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The implications of the new CDM Regulations 2015 for Commercial Clients, Designers and Contractors

Following the publication of draft guidance ahead of the Construction (Design and Management) Regulations 2015, we consider how the Regulations may affect Commercial Clients (organisations for whom a construction project is carried out in connection with a business) and what preparations need to be made.

The Construction (Design and Management) Regulations 2015 (CDM Regulations) apply to all building and construction work, including new build, demolition, refurbishment, extensions, conversions, repair and maintenance work.

The reach of the CDM Regulations is wide and, amongst those other duty holders with prescribed responsibilities, extends to commercial clients; organisations for whom a construction project is carried out in connection with a business.

Following last year’s consultation on the proposed reform of the CDM Regulations 2007, one thing was clear; the Regulations were going to change.

In January 2015 however, we received the first indication of how exactly this was to take place when the HSE published its draft guidance on the legal requirements of the Construction (Design and Management) Regulations 2015.

Subject to parliamentary approval, it is proposed that the CDM Regulations 2015 will come into force on 6 April 2015. The draft CDM Regulations are based closely on those proposed during last year’s consultation and contain, amongst other revisions, the following key changes:

  • The requirement that an existing member of the design team will take responsibility for co-ordination of the pre-construction phase, replacing the CDM co-ordinator with the principal designer.
  • Assessment of competence will be split into its component parts of skills, knowledge, training, experience and organisational capability. These amendments are designed to assist the industry in demonstrating that construction project teams have the right attributes to deliver a healthy and safe project.
  • Construction phase co-ordination duties to remain with the Principal Contractor, although the proposals do not make any provision for an independent role, as currently provided by the CDM Coordinator, to protect the client.

From the perspective of Commercial Clients there are, in addition to the above, a number of important alterations to the Regulations that place more emphasis on the client, as head of the supply chain, to set standards throughout a project.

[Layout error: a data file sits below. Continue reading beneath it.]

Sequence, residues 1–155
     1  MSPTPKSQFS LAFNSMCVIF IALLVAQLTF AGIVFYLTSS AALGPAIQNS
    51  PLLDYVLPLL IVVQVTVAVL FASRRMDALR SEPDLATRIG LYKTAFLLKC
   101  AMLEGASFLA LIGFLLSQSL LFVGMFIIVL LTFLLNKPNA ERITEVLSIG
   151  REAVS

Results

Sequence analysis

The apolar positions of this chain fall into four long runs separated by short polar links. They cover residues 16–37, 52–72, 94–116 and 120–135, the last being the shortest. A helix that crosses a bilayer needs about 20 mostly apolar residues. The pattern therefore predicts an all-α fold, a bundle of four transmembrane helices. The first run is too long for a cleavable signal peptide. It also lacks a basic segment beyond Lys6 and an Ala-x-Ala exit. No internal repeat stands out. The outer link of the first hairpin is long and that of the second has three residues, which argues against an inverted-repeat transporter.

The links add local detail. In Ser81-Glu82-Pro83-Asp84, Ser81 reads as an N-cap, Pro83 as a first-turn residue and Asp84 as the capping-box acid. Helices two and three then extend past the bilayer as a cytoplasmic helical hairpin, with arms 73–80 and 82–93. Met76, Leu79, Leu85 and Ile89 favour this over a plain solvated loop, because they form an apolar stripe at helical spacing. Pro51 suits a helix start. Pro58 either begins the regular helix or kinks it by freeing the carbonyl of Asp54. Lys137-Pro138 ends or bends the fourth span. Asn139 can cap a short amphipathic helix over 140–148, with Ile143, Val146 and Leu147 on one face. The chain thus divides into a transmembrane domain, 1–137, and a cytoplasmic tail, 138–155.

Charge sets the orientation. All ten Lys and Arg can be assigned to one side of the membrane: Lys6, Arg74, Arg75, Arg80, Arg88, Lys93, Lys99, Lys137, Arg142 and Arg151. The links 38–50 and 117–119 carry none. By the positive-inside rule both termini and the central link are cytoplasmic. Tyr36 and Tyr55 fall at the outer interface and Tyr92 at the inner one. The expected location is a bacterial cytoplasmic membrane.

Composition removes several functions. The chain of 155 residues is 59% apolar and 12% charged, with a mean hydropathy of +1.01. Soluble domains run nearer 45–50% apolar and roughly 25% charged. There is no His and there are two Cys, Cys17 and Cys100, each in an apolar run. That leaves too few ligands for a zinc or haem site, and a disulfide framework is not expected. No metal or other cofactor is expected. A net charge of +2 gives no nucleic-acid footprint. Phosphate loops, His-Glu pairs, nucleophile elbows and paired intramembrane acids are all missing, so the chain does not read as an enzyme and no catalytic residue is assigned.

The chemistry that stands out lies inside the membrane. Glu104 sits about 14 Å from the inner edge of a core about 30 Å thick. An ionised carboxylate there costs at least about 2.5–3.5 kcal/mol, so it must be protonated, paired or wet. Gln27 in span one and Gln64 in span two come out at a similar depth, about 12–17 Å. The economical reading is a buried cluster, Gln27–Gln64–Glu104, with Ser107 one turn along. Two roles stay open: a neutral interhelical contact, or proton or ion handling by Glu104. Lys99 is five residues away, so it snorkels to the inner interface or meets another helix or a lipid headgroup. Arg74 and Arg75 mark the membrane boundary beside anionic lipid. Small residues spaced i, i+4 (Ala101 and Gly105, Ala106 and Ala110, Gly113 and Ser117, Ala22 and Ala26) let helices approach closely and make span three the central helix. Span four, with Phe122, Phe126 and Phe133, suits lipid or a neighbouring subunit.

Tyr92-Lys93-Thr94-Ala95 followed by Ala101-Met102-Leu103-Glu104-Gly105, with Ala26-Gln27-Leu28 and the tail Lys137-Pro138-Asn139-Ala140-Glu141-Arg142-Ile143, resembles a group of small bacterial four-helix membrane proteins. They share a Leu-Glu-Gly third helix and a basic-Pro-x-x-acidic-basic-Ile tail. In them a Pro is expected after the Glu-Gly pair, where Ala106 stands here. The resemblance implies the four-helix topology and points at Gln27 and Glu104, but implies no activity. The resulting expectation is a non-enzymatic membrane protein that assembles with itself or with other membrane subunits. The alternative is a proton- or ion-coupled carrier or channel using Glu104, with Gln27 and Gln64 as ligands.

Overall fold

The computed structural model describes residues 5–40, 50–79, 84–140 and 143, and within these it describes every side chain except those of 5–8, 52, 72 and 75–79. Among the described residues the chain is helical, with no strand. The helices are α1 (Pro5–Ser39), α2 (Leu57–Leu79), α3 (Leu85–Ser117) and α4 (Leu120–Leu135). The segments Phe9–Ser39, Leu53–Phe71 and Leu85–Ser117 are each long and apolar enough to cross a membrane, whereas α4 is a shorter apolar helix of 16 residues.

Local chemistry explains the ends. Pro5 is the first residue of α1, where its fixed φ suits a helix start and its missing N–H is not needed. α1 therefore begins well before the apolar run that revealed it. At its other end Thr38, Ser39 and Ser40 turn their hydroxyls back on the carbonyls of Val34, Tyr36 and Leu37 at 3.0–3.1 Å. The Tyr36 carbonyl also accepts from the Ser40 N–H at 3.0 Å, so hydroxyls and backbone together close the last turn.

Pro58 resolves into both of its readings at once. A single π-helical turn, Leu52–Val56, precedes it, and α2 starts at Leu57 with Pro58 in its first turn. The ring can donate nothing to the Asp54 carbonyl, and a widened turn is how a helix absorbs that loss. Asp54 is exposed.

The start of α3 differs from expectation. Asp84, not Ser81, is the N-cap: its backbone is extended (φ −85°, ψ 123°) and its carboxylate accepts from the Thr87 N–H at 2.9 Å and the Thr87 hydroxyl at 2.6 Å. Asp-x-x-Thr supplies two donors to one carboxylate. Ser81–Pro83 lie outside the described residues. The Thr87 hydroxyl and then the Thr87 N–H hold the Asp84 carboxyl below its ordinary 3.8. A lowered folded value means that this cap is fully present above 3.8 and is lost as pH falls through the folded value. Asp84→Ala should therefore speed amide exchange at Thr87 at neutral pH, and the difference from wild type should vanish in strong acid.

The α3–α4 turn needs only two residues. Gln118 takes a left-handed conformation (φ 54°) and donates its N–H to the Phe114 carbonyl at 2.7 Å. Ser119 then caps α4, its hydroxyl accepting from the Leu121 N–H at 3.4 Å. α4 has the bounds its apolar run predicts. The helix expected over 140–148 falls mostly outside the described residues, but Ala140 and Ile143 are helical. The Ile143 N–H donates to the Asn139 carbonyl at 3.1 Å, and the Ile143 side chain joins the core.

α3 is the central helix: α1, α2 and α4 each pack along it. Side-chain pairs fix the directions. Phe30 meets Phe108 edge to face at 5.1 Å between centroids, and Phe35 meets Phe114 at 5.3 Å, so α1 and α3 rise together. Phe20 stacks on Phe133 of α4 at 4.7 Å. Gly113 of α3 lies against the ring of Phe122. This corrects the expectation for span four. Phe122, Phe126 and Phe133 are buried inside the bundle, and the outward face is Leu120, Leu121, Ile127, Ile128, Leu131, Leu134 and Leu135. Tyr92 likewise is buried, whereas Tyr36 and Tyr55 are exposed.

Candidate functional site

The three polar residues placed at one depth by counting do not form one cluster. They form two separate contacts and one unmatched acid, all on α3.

With little over three months before the proposed CDM Regulations come into force it is important that all those within the industry, including Commercial Clients, become familiar with these changes.

To assist the process the HSE have produced draft guidance documents for each of the five dutyholders under the CDM Regulations and one for workers. These set out, in practical terms, what actions are required of each dutyholder so as to deliver a safe and healthy construction project.

This guidance, along with the detail of the proposed CDM Regulations 2015, should be carefully considered by all likely to be effected in advance of their implementation later this year.

Should you require any further guidance on how those amendments are likely to affect you and your organisation please do not hesitate to contact Nicholas Barker or Tristan Meears-White.

Please also keep an eye out for further updates on the progress of the CDM Regulations through Parliament and further comment upon those changes and their implications for the industry.

This information is intended as a general discussion surrounding the topics covered and is for guidance purposes only. It does not constitute legal advice and should not be regarded as a substitute for taking legal advice. DWF is not responsible for any activity undertaken based on this information.

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Steffan Groch

Partner and Head of Regulatory - Head of Sectors

I head up DWF's national Regulatory team as well as leading the firm’s ‘go to market’ sector expertise. I am also Chair of the UK Health and Safety Lawyers Association.